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August 8, 2005

The EU vs. Iran: Who's Right?


by Gordon Prather

While making courtesy calls, John Bolton, our newly appointed ambassador to the United Nations, reportedly "raised possible Security Council action on Iran's announcement that it plans to resume enriching uranium, said one diplomat, speaking on condition of anonymity."

Wow!

Here we go again.

President Bush accuses an Islamic state of pursuing an illicit nuclear weapons program.

Bush then refers the issue to the UN Security Council and demands "action."

The International Atomic Energy Agency conducts an exhaustive search and finds no indication of a nuclear weapons program.

The Security Council refuses to authorize a preemptive attack against the nuclear weapons program the IAEA says doesn't exist.

Bush launches a preemptive attack anyway, claiming that reliance by the United States "on further diplomatic and other peaceful means alone" will not "adequately protect the national security of the United States against the continuing threat posed by Iraq."

Or Iran.

But wait a minute.

Iran hasn't announced any plans to resume enriching uranium.

Iran hasn't even finished manufacturing the several thousand gas centrifuges it hopes to eventually employ in a uranium enrichment pilot plant.

What Iran did was inform the IAEA [.pdf] that it had "decided to resume the uranium conversion activities" at the facility in Isfahan and request that the IAEA "be prepared for the implementation of the safeguards-related activities in a timely manner prior to the resumption of the UCF activities."

Here is what State Department acting spokesman Tom Casey told reporters the same day.

"It is critical to us that Iran maintain its suspension [on all enrichment-related activities, including uranium conversion], that it maintain its adherence to the Paris Agreement [.pdf], and that it not take any steps that would be in violation of that. Obviously, as we said yesterday, if they were to break that agreement, then the next steps would, to our way of thinking, be a referral from the IAEA board to the Security Council."

If Iran "breaks that agreement" – to which neither the U.S. nor the IAEA is a party – we intend to get the Board of Governors of the IAEA to refer the "breaking" to the Security Council for "possible action"?

Now, the IAEA statute does provide for the Board to refer an egregious breach of an IAEA Safeguards Agreement to the Security Council for possible action. But Iran is in full compliance with its full-scope safeguards agreement.

And the EU-Iran Paris Agreement was merely to begin negotiations on a mutually acceptable agreement that "will provide objective guarantees" to the EU above and beyond the existing full-scope IAEA safeguards agreement, that "Iran's nuclear program is exclusively for peaceful purposes" and that the EU "will equally provide firm guarantees" to Iran "on nuclear, technological, and economic cooperation and firm commitments on security issues."

On March 23, 2005, Iran offered a package of "objective guarantees" that included a voluntary "confinement" of Iran's nuclear programs, to include

  1. Forgoing the reprocessing of spent fuel and the production of plutonium;
  2. A ceiling on enrichment at reactor fuel level;
  3. Limiting the extent of the enrichment program to that required for Iran's power reactors;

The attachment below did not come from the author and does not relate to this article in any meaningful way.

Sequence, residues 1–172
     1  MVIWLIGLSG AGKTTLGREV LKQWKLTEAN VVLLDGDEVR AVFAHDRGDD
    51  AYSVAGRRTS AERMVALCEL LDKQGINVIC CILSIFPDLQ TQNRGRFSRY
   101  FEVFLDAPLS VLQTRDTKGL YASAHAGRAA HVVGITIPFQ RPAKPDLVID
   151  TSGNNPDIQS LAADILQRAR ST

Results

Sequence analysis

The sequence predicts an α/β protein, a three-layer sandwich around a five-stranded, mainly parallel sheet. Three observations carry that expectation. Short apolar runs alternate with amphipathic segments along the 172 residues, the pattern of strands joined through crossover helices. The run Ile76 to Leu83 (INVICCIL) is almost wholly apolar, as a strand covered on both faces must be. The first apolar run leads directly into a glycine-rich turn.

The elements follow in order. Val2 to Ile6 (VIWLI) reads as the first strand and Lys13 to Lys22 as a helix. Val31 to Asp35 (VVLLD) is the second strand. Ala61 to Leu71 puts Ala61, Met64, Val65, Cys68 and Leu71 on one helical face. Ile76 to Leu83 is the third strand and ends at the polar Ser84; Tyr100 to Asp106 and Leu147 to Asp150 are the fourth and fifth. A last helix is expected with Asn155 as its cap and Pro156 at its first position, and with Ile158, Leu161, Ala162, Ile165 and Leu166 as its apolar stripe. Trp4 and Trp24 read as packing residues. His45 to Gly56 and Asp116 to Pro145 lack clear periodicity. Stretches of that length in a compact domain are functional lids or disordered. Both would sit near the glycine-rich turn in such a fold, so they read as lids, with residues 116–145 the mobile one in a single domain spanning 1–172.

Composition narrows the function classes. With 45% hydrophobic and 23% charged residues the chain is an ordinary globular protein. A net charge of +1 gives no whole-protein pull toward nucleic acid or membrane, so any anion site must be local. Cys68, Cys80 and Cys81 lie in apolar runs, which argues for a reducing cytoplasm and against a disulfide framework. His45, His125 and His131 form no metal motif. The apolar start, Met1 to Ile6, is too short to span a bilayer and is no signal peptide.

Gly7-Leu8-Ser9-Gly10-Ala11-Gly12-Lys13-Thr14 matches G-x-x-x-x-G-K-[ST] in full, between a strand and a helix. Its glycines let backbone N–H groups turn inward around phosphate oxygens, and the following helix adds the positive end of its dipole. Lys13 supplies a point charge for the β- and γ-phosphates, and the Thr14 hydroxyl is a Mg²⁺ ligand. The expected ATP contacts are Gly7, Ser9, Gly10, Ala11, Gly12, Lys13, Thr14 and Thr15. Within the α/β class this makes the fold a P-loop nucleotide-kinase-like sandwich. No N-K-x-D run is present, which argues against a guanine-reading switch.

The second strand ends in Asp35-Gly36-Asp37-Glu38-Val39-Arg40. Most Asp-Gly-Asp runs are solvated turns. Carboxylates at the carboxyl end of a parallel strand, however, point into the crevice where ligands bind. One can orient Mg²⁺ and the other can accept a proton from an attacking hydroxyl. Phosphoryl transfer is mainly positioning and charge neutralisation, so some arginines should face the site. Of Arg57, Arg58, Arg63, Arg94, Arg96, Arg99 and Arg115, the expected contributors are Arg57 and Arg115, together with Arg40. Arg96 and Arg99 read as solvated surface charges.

4. The immediate conversion of all enriched uranium to fuel rods to preclude even the technical possibility of further enrichment;
  5. An incremental and phased approach to implementation of the uranium-enrichment program, beginning with the least sensitive aspects – such as uranium conversion.

The Iranians also proposed that there be an unprecedented "continuous on-site presence of IAEA inspectors at the conversion and enrichment facilities."

Now, as a consequence of the EU failure to respond in a timely manner to the Iranian offer, the Iranians have announced they will resume uranium conversion.

Well, that announcement did finally elicit an EU response, which included an offer of an "assured supply of fuel over the coming years." But in return, the EU would require Iran to make "a binding commitment not to pursue fuel cycle activities other than the construction and operation of light water power and research reactors."

"The [EU] proposals are unacceptable," Iranian negotiator Hossein Moussavian said, describing them as a "clear violation" of the Paris Agreement.

Will the IAEA Board refer the resumption of uranium conversion to the Security Council for possible action?

Not likely. You see, the Board itself has already explicitly recognized that the Iranian suspension was "not a legally binding obligation." Furthermore the Iranians are right. "The Board of Governors has no factual or legal ground, nor any statutory power, to make or enforce such a demand, or impose ramifications as a consequence of it."


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Physicist James Gordon Prather has served as a policy implementing official for national security-related technical matters in the Federal Energy Agency, the Energy Research and Development Administration, the Department of Energy, the Office of the Secretary of Defense and the Department of the Army. Dr. Prather also served as legislative assistant for national security affairs to U.S. Sen. Henry Bellmon, R-Okla. -- ranking member of the Senate Budget Committee and member of the Senate Energy Committee and Appropriations Committee. Dr. Prather had earlier worked as a nuclear weapons physicist at Lawrence Livermore National Laboratory in California and Sandia National Laboratory in New Mexico.

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